Do you have recommendations on an individual level for mitigating the difficult mental health components that come with this?

Yes, absolutely. I think that, number one, people need to stay connected in this time of physically and socially distancing as much as possible. People need to maintain a community of their friends, their loved ones, and their workplaces. Number two, people need to be educated and realize that symptoms of depression and anxiety are common at a time like this. We need to be educated and aware of the challenges that those symptoms can pose. Number three, people need to be able to go to a health provider to get help if their symptoms start to impair their ability to get on with their life. Number four, I think people need to maintain healthy routines. People need to continue to exercise, to continue to maintain daily routines. 

You spend your life in public health, do you see a way out of this? I think a lot of the anxiety is that it's all indefinite. 

I mean, by the grace of God we will emerge from this and we will survive. I think that the key question is how we deal with the long term consequences of this. The long term consequences are going to be very much consequences of the economic slowdown and the people who are affected by that. Number two, how do we make sure that when the next pandemic hits, and it's good to remember that there will be a next pandemic, right? There will be. The question will be have we learned our lesson and built a world that's better able to handle a crisis.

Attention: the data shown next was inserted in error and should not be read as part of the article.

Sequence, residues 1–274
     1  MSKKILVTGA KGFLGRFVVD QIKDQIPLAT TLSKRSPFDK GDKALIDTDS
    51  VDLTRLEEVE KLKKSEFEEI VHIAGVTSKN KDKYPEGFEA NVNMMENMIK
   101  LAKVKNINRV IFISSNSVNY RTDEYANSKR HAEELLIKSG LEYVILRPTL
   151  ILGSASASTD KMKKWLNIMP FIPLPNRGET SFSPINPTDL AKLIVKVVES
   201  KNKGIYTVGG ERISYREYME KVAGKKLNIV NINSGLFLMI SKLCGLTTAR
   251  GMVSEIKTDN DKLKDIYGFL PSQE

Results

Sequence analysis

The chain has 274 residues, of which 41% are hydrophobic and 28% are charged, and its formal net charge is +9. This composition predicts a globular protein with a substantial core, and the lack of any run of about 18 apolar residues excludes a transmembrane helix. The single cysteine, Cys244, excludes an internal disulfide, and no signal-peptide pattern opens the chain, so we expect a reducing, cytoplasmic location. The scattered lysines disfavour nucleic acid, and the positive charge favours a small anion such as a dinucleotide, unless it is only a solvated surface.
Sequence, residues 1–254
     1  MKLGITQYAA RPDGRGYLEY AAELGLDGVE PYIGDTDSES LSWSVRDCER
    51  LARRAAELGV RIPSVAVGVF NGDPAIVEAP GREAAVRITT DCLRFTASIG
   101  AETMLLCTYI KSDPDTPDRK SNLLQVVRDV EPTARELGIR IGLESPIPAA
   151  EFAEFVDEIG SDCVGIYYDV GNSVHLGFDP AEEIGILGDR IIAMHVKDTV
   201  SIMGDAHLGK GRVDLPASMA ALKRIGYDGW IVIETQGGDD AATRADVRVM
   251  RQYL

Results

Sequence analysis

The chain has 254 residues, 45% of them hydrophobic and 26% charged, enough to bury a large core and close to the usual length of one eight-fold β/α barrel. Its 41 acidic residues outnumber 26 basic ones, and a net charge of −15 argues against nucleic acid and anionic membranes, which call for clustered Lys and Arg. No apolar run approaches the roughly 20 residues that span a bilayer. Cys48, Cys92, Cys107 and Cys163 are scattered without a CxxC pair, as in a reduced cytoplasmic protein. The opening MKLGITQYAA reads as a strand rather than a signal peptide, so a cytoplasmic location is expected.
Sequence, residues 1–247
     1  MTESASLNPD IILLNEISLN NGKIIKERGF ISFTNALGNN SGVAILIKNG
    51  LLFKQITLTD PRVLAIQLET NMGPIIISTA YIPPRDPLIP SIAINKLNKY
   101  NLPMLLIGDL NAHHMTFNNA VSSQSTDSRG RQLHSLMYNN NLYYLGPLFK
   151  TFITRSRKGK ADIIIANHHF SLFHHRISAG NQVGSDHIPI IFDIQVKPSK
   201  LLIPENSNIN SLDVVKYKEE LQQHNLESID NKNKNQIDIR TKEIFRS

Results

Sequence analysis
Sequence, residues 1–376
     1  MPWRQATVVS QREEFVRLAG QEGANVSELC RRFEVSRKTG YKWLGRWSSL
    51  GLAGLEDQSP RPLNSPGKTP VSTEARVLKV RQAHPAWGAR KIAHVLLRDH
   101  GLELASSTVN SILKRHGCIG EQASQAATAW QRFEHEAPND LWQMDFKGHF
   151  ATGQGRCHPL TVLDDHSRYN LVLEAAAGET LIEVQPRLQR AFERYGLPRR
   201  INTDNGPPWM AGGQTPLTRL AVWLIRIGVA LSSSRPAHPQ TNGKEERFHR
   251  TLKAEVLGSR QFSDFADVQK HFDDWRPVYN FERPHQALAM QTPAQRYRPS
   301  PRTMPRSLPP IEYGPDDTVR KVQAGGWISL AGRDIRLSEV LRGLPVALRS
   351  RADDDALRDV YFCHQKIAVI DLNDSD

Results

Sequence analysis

I would go back to these two pillars that spoke about at the beginning of this interview. One is the, the actual public health mechanics of dealing with the pandmeic. And number two is creating a world that is resilient that has the pieces in place so that we are healthier. Those are the questions.

Right. And you're hopeful?

I prefer optimism. I think optimism is a form of resistance in the face of dark times. So yes, I am optimistic.